Shells could be regarded as a symbol of longevity since they survive for millions of years as fossils. At the same time certain mollusk shells, principally the pearl oyster but also many other species are the source of pearls and mother of pearl, the iridescent inner layer below the horny exterior. The large shells of warm seas produce the thickest layers of this composite material. Its use in the decorative arts is thought to have originated in the lands of the Near East since the earliest known examples of the mother of pearl decoration have been discovered in Sumerian tombs. The use of the material was also widespread in China, India, and Thailand, and is thought to have passed from there to the Turks of Central Asia, who carried the art into Anatolia.
This delicate substance was particularly favored as an inlay material on wood, which is why so few early examples have survived. But from Marco Polo and Byzantine envoys to the Turkish lands we learn that the Turks were skilled in the art of working this material and in making items decorated with this material.
Mother of Pearl during Ottoman Era
The earliest example of the Ottoman period inlay works is the doors of the Mosque of Bayezid II in Edirne. Over the centuries, it was used to embellish a wide variety of objects, from Koran cases to the canopied pavilions of royal barges, from janissary sword hilts to calligraphers’ writing sets, and from turban stands to the wooden patterns of grand ladies. According to Hocazade Saadeddin in his account of the funeral of Sultan Mehmet the Conqueror (1451-1481), the coffin was made of the solid component, although presumably, this means that it was veneered. A specific workshop was set up in Topkapi Palace in the 15th century, and the art taught to apprentices.
Perhaps because working this material is an art requiring careful measuring and a sense of scale to show the material to best effect, a disproportionate number of the famous architects educated at the Ottoman palace were also the same craftsmen. The 16th and 17th centuries were a time when objects of personal use and domestic furnishings decorated with this material were the height of fashion in Istanbul. It continued to be used in works of architecture, exceptional examples including the shelled jewelry inlay for the doors of Murad III’s tomb at Hagia Sophia Mosque executed by Dalgic Ahmed Aga, and the window frames and main doors of Sultanahmet Mosque executed by the architect Mehmed Aga. The 17th-century writer and traveler Evliya Celebi, writing in the reign of Murad IV, recorded that the craftsmen numbered 500 and had 100 shops in Istanbul, and says that their patron saint was Suayb-i Hindi.
The 19th century saw the decline of the mother of pearl work, and by the end of the 19th century, we find just two glowing sparks in the guttering candle of the art: Sultan Abdulhamid II and Sedefkar Vasif.
Abdulhamid II (1876-1909) was a skilled cabinetmaker and enjoyed working in the workshop which he established at Yildiz Palace, producing some lovely pieces of work. Sedefkar Vasif was born in Besiktas in 1876, and studied carpentry and carving at the Naval College, from which he graduated with the rank of lieutenant at the age of 22. In 1912, at the age of 36, he retired with the rank of colonel and opened a workshop in Besiktas. The last outstanding pieces of Turkish inlay are the doors which he made for the apartment of the Holy Mantle at Topkapi Palace. In 1936 a workshop was established at the Academy of Fine Arts and Vasif Sedef (who had taken the surname Sedef, meaning mother of pearl) was appointed as the instructor, a post which he held until his death in 1940. His only successor was Nerses Semercioglu, the last professional Turkish craftsman, who died in 1982 and with the rediscovery of the art in the 1950s had been able to make a living from his skill. Today there are a few self-taught craftsmen of caliber.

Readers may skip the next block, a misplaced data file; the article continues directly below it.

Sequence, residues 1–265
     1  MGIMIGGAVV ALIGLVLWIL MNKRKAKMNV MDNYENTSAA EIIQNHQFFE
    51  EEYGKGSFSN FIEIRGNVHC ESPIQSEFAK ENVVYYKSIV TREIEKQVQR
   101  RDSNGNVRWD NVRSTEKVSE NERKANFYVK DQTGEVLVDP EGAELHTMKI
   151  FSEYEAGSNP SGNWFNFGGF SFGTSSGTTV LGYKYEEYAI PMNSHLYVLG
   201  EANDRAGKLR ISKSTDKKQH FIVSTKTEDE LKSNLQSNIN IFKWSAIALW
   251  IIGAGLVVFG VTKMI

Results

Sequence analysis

Apart from the inlay, the two other techniques used in Turkish work are veneer and “macunlama”, the latter a process by which pieces of the goods are pressed into a soft paste, giving the effect of inlay. Where the style, motifs, and applications of the work are concerned, the work is divided into four different categories: Istanbul, Damascus, Vienna, and Jerusalem.
The first two of these are entirely Ottoman Turkish in character. Istanbul, which employs either inlay or veneer, also makes use of tortoiseshell, ivory, horn and similar materials in conjunction with this colorful jewelry component. Gold leaf is laid beneath the tortoiseshell, along with the other materials, it is mainly arranged in geometric designs.
Damascus: made its appearance in that city during the Ottoman era, also makes use of inlay. Here only one side of the thick white one known in Turkish as tas “sedef” which comes from the pearl oyster, is smoothed and polished, the rough underside of the shaped pieces being laid into the wood. Wire stringing 1 mm square in the section made from an alloy of lead and tin is hammered into place around the composite material.
Vienna: is the use of this jewelry, arranged irregularly in conjunction with Boulle marquetry. This work, using the iridescent green or rose-red “sedef” known as “arusek” was mainly applied to tables, couches, cupboards, sideboards, and other furniture.
Jerusalem: is the art of carving mother of pearl into two-dimensional models of mosques and other figurative motifs, or designs of floral and animal motifs. Its craftsmen do not use inlay to embellish furniture or artifacts.